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From "Robert Muir (JIRA)" <>
Subject [jira] [Updated] (LUCENE-7159) improve spatial point/rect vs. polygon performance
Date Mon, 04 Apr 2016 16:32:25 GMT


Robert Muir updated LUCENE-7159:
    Attachment: LUCENE-7159.patch

I added javadocs, asserts, a direct test, cleaned up the internal API, and re-ran benchmarks
with mike's openstreetmap benchmark:

Point in polygon only becomes a bottleneck for complex polygons, so it really only helps there,
but doesn't hurt simple ones.

More than half the gain here is unrelated to the grid, and only due to very minor optimizations
in Polygon.relates(), which actually is the bigger bottleneck.

I think we can do this as a start, and then as a followup implement relates() too? We should
be able to speed those up in a similar way, most calls would then be rectangle <-> rectangle
operations in integer space.

And of course it would still be nice to speed up the relation operations in (e.g.
compute if convex in ctor or whatever), but that stuff is complex.

n=5 25.9 QPS -> 27.0 QPS
n=50 18.2 QPS -> 18.1 QPS
n=500 8.0 QPS -> 9.5 QPS
n=1000 5.0 QPS -> 6.2 QPS

> improve spatial point/rect vs. polygon performance
> --------------------------------------------------
>                 Key: LUCENE-7159
>                 URL:
>             Project: Lucene - Core
>          Issue Type: Bug
>            Reporter: Robert Muir
>         Attachments: LUCENE-7159.patch, LUCENE-7159.patch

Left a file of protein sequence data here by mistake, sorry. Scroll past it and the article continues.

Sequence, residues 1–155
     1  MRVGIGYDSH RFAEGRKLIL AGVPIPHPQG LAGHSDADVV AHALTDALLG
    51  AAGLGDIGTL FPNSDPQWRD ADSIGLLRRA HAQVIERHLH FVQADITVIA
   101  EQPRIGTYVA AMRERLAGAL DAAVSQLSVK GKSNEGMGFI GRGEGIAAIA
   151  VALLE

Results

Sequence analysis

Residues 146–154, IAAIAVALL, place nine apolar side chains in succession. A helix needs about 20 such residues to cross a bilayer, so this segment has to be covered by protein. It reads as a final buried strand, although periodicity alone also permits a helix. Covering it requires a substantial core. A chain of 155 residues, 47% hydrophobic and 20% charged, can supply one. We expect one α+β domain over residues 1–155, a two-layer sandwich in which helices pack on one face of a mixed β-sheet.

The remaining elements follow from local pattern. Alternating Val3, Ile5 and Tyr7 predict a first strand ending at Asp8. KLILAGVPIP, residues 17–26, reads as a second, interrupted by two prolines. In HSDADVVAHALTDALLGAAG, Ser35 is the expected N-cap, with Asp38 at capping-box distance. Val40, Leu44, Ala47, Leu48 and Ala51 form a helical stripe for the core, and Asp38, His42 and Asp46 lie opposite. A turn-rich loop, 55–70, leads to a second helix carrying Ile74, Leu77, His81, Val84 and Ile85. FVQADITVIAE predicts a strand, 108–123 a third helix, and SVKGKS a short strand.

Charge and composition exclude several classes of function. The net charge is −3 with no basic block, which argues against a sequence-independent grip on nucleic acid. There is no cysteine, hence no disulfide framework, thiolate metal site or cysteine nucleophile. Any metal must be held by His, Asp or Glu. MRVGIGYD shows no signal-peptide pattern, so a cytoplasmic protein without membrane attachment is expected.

> Now that we can query on complex polygons without going OOM (LUCENE-7153), we should
do something to address the current 🐢 performance.
> Currently, we use a basic crossings test ({{O\(n)}}) for boundary cases. We defer these
expensive per-doc checks on boundary cases to a two phase iterator (LUCENE-7019, LUCENE-7109),
so that it can be avoided if e.g. excluded by filters, conjunctions, deleted doc, and so on.
This is currently important for performance, but basically its shoving the problem under the
rug and hoping it goes away. At least for point in poly, there are a number of faster techniques
described here:
> Additionally I am not sure how costly our "tree traversal" (rectangle intersection algorithms).
Maybe its nothing to be worried about, but likely it too gets bad if the thing gets complex
enough. These don't need to be perfect but need to behave like java's Shape#contains (can
conservatively return false), and Shape#intersects (can conservatively return true). Of course,
if they are too inaccurate, then things can get slower.
> In cases of precomputed structures we should also consider memory usage: e.g. we shouldn't
make a horrible tradeoff there.

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